We’re back from Vancouver, and with lots of photos and stories! I officially annoint this Canada Week here at The Penny Farthing.
We had a lovely time, all around. It’s wonderful to reconnect with old friends and chat about their future wedding plans, to giggle at Canadian vs American stereotypes, to see French on every sign posted, and to buy Aero chocolate bars while sipping Tim Horton’s coffee. Jesse and I have a soft spot for Canada, as it was on a road trip to Toronto that we “fell in love,” you could say. Canada is for lovers, I guess.
Maybe that’s why it’s one of the friendliest places in the world. I hate to fall into such broad stereotypes, but it’s hard to ignore when people are constantly striking up a conversation! There’s Shannon, the sweet intoxicated lady who talked to us for 45 minutes in a bar, congratulated our friends on their upcoming wedding, and gave me a goodbye hug. There’s our bus driver, who spoke over the intercom about the nice weather, his take on the weekly news, and how to work the A/C on the bus. There’s the rough guy dressed in leather on the street, who advised Jesse to ring his bike bell for safety, and wear a helmet. And about ten more people in the three days we were there.
We stayed in White Rock, BC, which is a cute beach town right across the US border. Then we drove into Vancouver one day and took the train the next.
Vancouver is a beautiful city. All the buildings downtown are residential, meaning people literally live in the city, and work outside of it. So the streets are bustling with dog-walkers, food carts, shops, joggers and friends.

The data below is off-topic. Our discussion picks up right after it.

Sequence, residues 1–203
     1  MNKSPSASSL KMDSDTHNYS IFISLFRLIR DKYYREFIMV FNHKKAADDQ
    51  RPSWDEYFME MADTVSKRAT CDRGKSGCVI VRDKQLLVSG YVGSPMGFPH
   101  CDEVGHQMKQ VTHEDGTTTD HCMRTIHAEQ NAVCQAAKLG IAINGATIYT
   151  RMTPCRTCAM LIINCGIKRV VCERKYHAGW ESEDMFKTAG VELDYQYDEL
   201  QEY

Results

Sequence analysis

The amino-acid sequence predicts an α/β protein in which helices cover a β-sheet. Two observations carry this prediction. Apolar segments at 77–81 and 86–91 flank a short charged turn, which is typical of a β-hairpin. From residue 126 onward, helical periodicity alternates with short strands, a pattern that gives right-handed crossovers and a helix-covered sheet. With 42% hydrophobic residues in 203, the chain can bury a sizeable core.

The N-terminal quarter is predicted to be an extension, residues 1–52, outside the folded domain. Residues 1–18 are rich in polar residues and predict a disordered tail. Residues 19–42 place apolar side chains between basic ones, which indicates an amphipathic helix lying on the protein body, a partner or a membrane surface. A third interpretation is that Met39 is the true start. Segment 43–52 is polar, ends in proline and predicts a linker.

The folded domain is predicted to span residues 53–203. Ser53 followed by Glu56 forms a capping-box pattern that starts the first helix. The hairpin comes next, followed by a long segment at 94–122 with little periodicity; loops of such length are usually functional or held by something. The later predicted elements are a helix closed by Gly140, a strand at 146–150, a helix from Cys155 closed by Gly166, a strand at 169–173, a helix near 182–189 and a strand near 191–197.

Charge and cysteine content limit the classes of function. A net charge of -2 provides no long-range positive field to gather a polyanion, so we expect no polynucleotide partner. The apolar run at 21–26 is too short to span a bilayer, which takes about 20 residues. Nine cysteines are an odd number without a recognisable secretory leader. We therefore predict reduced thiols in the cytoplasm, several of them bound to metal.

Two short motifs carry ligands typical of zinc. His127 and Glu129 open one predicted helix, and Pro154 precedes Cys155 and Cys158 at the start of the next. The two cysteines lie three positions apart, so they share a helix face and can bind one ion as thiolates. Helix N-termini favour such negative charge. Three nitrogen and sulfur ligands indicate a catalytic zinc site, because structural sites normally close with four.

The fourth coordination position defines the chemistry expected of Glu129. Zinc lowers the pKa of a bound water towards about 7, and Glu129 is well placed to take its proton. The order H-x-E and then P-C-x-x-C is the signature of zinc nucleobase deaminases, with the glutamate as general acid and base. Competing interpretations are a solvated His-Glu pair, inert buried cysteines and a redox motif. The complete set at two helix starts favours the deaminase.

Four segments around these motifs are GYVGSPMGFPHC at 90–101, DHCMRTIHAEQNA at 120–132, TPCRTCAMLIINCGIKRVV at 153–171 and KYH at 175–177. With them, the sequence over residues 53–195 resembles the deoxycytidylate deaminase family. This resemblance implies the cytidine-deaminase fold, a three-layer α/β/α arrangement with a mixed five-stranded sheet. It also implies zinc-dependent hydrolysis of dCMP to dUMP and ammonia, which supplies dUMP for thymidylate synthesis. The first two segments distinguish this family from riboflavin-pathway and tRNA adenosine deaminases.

There are also parks scattered everywhere, including the huge 1,000 acre Stanley Park, which we biked around (more on that later!), and the beautiful Queen Elizabeth Park. It was a bit too early for flowers, but the daffodils were trying their best, the cherry trees were budding in profusion, and the fountains were splashing higher and higher.
We didn’t do any big museums or attractions this trip, instead deciding to wander around and browse. We did hit Granville Island with their brewery: I also bought a red polka-dotted beauty at the Umbrella Shop.
We found Gastown, with it’s steam clock. It rings every 15 minutes–see the steam?
And totem poles in Stanley Park.
We wandered the streets, we talked to people, we ate food, we shopped. We marveled at the number of languages we heard and at the countless Irish pubs squished next to the countless sushi bars. We noted how much it reminded us of San Francisco, and how small it made Portland seem. We realized we’d be okay living there someday, if the chance came up.
Though we traveled to a different country, it could easily have been just over the state border instead. This is all the Pacific Northwest, with the same trees, animals, cloudy skies, rugged coast, and excellent beers. While Americans and Canandians do sense a strong difference, I’d bet that at heart Vancouverites are a lot more similar to Portlanders/Seattleites than, say their own Quebec countrymen. Because of that there is a movement afoot to create Cascadia, an independent country that includes Oregon, Washington, and British Columbia. Some proposals include a larger bioregion, but the basic idea is that the Pacific Northwest would become it’s own republic, and the 20th largest country in the world. Wild, huh? Think it’ll ever happen?
Perhaps someday we’ll all be fellow Cascadians, but for now, it was well worth pulling out my passport and trekking across the border. Stay tuned this week, and I’ll tell you all about what we ate (yes, it deserves it’s own blog post), and how we managed with our folding bikes.